As I sit back and think of my almost ten years working in this field, I can’t but stop and think of how much I have learned, and therefore my ability to now contribute to the education of others. I ponder on how far we have come over the years with reform, social justice, alternatives to incarceration, re-entry, and programming. At the same time, however, I sadly reflect on how much more we have to do.
A couple of months ago, I was coordinating a Sirius XM radio show for my boss – they were asking questions and very interested in the type of programming we provide. It was a very friendly conversation as I shared the upbringing of a many people in the program… sharing the difficulty they had with parental incarceration, sexual abuse, and more. After a moment of silence, the producer on the other end commented, “I never knew backgrounds contributed like this. I always thought people just woke up one day and decided to commit a crime.” I could not believe my ears – in 2017, this was really a real person’s mindset. What rock has she been hiding under, I thought? But then I realized, not everyone has had the exposure that I have – not everyone understands this, even with all that is going on in the US – there are still folks who are blinded by the situation that plagues many.
In September, I had the privilege to attend a Correctional Conference in North Carolina. They had presentation topics ranging from architecture, design builds (a way that correctional settings are built), steel doors and outfitting the inside of an institution, and other related topics…. Well, and then me, the Program and Rehabilitation gal – just what they didn’t want to hear! I presented on the second day. So day one was great, everyone was friendly and nice – some even wearing their orange jail flip flops since the maker of those was present. People started asking what I would be presenting on and I shared – programming. I got a few friendly eye rolls, and other sarcastic comments like, why do we care about that? We build jails! We don’t need to worry about that. I remained optimistic and carried on!
Needless to say, when presentation time came, I was a bit nervous – a tough crowd, around 75 people total – friendly and nice for sure, but I knew many certainly were not feeling what I was about to talk about for 45 minutes.
I started the presentation with “why do we program?” Well, 1 in 35 Americans are currently incarcerated, 1 in 3 Americans have a criminal record, 1 in 4 have a felony on their record, 21 million Americans are living in addictive addiction, and so on. And, if nothing else, 95% of those behind bars in the US will be released back into OUR community. Those stats definitely caught some people’s attention.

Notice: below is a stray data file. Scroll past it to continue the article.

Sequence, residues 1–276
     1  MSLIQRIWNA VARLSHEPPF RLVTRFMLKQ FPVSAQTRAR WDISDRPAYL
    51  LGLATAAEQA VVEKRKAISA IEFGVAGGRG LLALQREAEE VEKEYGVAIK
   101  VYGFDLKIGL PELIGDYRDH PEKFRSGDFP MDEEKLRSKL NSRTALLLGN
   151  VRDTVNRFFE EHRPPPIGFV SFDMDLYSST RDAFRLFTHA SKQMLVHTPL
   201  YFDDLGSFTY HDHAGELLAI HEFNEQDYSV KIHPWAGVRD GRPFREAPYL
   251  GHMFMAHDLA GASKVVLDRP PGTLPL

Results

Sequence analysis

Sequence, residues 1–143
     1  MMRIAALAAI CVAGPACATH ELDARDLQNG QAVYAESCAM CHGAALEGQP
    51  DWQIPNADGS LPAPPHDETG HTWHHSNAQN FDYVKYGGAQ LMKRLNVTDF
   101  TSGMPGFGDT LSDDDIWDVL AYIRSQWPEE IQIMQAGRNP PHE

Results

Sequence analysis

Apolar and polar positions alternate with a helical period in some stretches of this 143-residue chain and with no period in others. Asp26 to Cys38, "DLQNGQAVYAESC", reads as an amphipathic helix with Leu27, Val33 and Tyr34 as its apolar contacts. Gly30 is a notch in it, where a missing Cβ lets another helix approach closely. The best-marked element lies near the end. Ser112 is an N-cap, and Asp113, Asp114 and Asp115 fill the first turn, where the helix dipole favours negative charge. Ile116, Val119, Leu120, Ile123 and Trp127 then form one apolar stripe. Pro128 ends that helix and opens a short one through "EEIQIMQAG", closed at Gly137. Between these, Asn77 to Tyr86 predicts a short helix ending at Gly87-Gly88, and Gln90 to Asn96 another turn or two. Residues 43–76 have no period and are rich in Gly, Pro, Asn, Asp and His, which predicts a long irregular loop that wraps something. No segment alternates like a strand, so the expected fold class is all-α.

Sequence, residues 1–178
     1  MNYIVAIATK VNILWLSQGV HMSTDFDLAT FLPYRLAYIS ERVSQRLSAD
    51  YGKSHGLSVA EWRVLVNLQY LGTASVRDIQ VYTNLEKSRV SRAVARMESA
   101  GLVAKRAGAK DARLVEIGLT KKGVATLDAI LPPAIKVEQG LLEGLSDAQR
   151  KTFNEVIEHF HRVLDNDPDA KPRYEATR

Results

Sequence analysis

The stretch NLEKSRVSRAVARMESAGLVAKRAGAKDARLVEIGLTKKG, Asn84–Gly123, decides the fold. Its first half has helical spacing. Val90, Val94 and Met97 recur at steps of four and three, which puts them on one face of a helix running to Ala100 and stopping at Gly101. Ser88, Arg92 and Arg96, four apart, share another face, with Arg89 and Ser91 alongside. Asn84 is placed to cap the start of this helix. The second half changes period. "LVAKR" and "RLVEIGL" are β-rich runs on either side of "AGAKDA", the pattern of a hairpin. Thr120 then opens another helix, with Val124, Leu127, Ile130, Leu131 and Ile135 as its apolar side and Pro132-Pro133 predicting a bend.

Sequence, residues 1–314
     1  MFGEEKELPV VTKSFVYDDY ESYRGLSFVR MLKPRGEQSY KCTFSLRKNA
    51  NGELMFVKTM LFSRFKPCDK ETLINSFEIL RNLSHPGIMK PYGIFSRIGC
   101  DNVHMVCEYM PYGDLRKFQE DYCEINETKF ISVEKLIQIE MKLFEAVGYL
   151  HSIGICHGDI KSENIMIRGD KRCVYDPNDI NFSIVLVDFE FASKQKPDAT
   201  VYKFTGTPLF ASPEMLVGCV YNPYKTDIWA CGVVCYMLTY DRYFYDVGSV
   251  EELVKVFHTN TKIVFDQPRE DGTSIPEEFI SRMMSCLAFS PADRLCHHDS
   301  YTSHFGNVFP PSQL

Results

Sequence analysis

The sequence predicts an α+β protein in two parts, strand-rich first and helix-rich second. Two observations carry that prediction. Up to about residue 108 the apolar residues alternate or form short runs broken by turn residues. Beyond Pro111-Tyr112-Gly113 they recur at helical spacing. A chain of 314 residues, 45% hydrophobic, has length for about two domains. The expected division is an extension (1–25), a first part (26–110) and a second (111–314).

I then shared a video (click here to view video) of some of the men in our program sharing about the program. They were well-spoken and articulate explaining how the program has changed them. “Wow – who knew a felon in jail knew how to speak coherent and intelligent,” one person later shared with me!
Then for the meat and potatoes – trauma. A loaded topic for sure… an emotional topic. I talked about the strong correlation between childhood trauma and adult incarceration. Sharing the statistics relating to the physical, sexual, and emotional abuse of the large majority behind bars. Sharing how things in a child’s life such as abuse, divorce, mental illness, and parental incarceration has significant barring on that child’s life. (More on this in another blog post – it’s a series of blogs in and of it self). This got their attention – it could not be ignored. Even with one man approaching me crying after the presentation, who said, “I had all that happen to me, but I had my brother to support me. But, after learning this, I should be in jail… I really beat the odds.”
I ended with an emotional video (click here to view 2-minute trailer) of CNN’s This Life with Lisa Ling episode “Fatherless Towns,” which featured our program in the jail and a special annual event we have in the jail – the Father Daughter Dance, which is sponsored by a local non-profit, Girls for a Change. The tears were flowing – from almost everyone – male and female. Through this, they were able to see these dads, who were inmates, in suits, as fathers as they danced with their daughters. Powerful!
As I wrapped up my presentation, I received a lot of great questions and feedback. One that I will never forget was from a prominent female architect out of Washington State. She said, “I have been designing jails for over 30 years, and never have I thought about the humanity inside, until you just made me think of it.” I saw this woman this past weekend in Cincinnati Ohio at another conference – she sat in my presentation again – asked a few other questions – and shared how she is now considering those behind bars as she does her designing…she said it dramatically changed her mind set and work! Wow!
So, what is the bottom line? Talk and keep the narrative going. Unbelievably in 2017, we have many who are still in their bubble – not necessarily for bad or malicious intentions, but because they haven’t been exposed to any other way – well except the news, which always headlines with blood and killing. We have a problem America. Suicide, drugs, crime, trauma, and hurt people hurting people. I am not excusing or justifying bad behavior. What I am saying, though, is society needs to understand this epidemic better. If we don’t understand, how can it be addressed, how can we curb the atrocious statistics and horrific deaths? Talk about it, share about it, and represent humanity well, so others too can understand what we understand – and therefore together, we can make a difference!